Wednesday, June 25, 2003

No tax, Monroe council is told


Residents: Mess not our fault

By Michael D. Clark
The Cincinnati Enquirer

MONROE - An overflow crowd packed into the City Council's meeting here Tuesday, peppering city officials with complaints and questions about years of alleged financial mismanagement that could lead to a tax issue on the fall ballot.

"Folks, you let us down," resident Greg Billingsley told council members. "And we shouldn't be the ones to pay the price."

More than 120 people - twice the capacity of council chambers - were drawn to the meeting by recent revelations that years of alleged budgetary mismanagement have left this booming city's cash reserves depleted by more than $1 million. The city has an estimated deficit of $5 million in its annual operating budget of $10.5 million.

The overflow crowd stood in the lobby and the basement, where people listened on loudspeakers.

Two top city officials, former City Manager Donald Whitman and former Financial Director David Collins, were fired in recent months and some council members and city officials have blamed the two for mismanaging and withholding key budgetary information about the city's dwindling finances.

There have been no accusations that any money was stolen. Whitman said recently that he was unaware of the city's financial problems; Collins has not returned repeated phone calls for comment.

Some residents focused their blame largely against City Council members.

Moreover, some made it clear that neither a proposed income tax increase from 1.0 to 1.5 percent nor a 4.8-mill property tax increase on the November ballot would be viewed favorably in the wake of mishandled finances. Both options have been floated recently by city officials.

"I'm still shocked by your arrogance," said resident Thomas Kidd, "to ask me for more money when you have no control of your money."

Resident Mary Jo Bauer told council, "It's kind of scary to have our taxes raised. I'm disappointed that this has happened, and as it stands right now, I would not vote for a tax increase."

Before the meeting, officials of the council's Finance Committee heard from Financial Director Jay Stewart. "We're extremely lean right now ... and if nothing happens at the polls this fall, we'll have to make cuts," Stewart said.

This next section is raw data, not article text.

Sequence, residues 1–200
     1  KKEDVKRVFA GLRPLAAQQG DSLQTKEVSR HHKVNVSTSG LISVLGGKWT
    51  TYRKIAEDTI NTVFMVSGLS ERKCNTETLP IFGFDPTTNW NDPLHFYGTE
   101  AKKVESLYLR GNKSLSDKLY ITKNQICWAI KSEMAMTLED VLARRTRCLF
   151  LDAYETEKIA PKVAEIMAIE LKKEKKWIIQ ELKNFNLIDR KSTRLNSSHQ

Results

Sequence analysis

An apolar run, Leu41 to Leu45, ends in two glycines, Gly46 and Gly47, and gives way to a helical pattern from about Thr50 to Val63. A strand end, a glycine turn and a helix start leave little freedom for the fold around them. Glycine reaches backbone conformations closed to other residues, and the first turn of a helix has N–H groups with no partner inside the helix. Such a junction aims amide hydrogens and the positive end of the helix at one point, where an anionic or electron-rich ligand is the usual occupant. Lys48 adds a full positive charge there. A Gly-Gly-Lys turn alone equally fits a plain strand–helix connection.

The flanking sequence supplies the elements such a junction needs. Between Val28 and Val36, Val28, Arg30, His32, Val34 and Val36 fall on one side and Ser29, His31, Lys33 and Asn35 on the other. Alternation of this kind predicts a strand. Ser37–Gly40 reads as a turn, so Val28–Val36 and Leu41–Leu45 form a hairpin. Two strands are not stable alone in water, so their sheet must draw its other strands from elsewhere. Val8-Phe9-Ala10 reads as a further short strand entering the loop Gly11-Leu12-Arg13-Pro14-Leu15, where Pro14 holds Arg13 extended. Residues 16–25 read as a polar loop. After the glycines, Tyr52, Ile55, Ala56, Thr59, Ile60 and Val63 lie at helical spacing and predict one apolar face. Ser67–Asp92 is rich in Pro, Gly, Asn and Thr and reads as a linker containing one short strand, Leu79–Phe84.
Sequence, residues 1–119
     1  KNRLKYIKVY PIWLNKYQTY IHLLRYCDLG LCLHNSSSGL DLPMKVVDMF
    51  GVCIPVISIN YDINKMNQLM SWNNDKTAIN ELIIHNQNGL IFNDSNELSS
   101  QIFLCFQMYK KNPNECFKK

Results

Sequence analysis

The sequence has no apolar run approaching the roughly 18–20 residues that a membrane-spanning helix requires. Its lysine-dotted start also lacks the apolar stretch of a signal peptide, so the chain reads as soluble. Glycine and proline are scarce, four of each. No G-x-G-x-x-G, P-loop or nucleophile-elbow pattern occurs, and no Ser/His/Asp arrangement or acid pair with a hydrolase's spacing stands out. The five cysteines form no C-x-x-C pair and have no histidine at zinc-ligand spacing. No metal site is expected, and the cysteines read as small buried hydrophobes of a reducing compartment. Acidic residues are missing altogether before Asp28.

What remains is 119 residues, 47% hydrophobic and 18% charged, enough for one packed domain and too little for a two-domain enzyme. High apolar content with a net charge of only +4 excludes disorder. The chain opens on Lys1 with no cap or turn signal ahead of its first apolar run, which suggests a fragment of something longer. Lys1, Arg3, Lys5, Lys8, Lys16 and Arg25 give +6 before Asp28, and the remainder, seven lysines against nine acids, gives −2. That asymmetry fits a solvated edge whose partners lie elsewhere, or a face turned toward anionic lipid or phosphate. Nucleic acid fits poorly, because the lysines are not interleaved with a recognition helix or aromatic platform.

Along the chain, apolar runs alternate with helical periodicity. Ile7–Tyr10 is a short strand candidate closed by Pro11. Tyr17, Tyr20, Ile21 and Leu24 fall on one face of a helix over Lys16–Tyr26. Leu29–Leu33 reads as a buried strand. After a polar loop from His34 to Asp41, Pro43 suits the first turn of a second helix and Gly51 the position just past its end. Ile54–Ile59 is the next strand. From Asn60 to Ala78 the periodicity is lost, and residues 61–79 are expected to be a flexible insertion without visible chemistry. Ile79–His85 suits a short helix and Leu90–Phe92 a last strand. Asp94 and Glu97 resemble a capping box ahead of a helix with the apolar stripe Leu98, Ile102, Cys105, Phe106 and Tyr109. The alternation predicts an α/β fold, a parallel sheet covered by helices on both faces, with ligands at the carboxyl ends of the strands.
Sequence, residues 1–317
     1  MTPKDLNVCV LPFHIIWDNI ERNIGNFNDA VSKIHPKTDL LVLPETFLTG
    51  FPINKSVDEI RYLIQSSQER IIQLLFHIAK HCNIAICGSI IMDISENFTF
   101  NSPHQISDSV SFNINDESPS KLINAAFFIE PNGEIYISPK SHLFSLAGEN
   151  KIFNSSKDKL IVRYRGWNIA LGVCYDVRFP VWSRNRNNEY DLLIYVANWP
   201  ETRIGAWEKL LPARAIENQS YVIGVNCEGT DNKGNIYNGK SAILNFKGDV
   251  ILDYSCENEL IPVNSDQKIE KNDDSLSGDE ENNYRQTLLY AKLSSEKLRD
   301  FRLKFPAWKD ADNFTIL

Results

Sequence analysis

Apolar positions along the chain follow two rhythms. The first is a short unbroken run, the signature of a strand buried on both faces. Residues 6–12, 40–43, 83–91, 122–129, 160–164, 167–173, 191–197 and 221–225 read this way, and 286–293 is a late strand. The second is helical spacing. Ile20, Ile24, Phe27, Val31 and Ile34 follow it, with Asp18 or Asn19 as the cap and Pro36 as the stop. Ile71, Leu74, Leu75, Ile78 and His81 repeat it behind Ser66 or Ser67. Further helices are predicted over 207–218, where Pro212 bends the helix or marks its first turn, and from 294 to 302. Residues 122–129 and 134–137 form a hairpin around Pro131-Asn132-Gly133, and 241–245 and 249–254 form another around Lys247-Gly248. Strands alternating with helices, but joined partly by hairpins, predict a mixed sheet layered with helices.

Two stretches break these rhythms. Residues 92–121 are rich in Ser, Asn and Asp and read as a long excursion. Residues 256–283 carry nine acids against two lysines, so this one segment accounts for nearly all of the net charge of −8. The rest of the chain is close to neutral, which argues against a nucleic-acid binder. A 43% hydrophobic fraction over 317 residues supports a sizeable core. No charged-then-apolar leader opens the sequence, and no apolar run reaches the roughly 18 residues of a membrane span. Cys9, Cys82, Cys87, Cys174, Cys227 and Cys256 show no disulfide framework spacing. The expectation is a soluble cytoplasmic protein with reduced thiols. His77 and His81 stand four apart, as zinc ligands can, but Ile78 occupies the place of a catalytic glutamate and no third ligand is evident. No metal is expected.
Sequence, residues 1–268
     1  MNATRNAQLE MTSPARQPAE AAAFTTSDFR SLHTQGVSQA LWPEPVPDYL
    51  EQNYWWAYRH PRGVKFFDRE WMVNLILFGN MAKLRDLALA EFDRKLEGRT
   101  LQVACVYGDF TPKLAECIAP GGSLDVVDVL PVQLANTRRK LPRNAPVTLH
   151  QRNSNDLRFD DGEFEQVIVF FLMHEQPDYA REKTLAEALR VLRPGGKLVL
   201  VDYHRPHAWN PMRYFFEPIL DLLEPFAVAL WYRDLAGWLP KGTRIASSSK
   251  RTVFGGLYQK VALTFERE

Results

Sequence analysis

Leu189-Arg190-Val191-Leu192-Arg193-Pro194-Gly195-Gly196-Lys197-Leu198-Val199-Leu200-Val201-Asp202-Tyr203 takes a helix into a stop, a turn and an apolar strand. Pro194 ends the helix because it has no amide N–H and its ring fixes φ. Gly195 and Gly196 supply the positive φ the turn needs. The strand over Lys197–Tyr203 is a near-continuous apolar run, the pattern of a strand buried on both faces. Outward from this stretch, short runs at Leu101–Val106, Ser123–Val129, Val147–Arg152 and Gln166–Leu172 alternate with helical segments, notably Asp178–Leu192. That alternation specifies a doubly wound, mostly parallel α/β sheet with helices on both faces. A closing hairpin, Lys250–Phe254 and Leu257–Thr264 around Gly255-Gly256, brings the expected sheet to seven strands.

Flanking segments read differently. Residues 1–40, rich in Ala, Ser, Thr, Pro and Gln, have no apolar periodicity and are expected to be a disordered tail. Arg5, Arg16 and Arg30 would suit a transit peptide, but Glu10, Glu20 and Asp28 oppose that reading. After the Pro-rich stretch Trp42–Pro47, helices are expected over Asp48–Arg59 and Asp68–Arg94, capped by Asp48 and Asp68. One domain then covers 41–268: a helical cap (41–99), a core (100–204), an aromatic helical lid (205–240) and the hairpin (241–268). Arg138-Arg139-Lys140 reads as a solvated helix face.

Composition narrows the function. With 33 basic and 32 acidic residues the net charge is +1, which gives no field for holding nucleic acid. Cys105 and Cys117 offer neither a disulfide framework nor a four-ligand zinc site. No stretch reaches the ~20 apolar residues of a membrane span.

Councilman Steve Tannreuther apologized to the crowd. "Everyone sitting up here tonight should share in the responsibility for what happened. I failed you, and I take full responsibility," he said.

He added that he and others on council would work diligently to correct the problems.

Council took no vote Tuesday.

City officials have until Aug. 19 to place a tax issue on the November ballot. Council will meet again July 8 to decide which tax issue - if any - will be presented to voters.

E-mail mclark@enquirer.com




TOP STORIES
Area is lucrative for Bush and GOP
Going outside today? Just don't breathe in
UC raises tuition by 10 percent
Lawmakers shelve racetrack slots idea

IN THE TRISTATE
Apartment fire kills visitor
Colerain establishes curfew law
Fair beefs up with new facilities
Ex-UC hoops player Donald Little gets jail
Obituary: Jim Rockwell led surgical laser use
Tristate A.M. Report

ENQUIRER COLUMNISTS
BRONSON: City's law on pit bulls is a toothless Chihuahua
SMITH AMOS: Kaleidoscope of friends biggest lesson of college
HOWARD: Some good news

BUTLER, WARREN, CLERMONT
First on trial in prank gets jail
No tax, Monroe council is told
Board may hire political strategist
Ryland settles second lead suit
Fairfield citizens still can't vote on justice center
Board leader decries opposition
Sycamore assistant hired as Kings school superintendent

OHIO
Chances of school funding appeal dim, analyst says
Ohio Moments

KENTUCKY
Boone County OKs 'bare bones' budget
Feds leave prosecution of Epling to state
Politicians hustling to fill war chests
Hebron student among $20K scholarship winners
Honoring Dr. King to be hearing topic
Wiedemann view lures N. Ky. home show again
Kentucky obituaries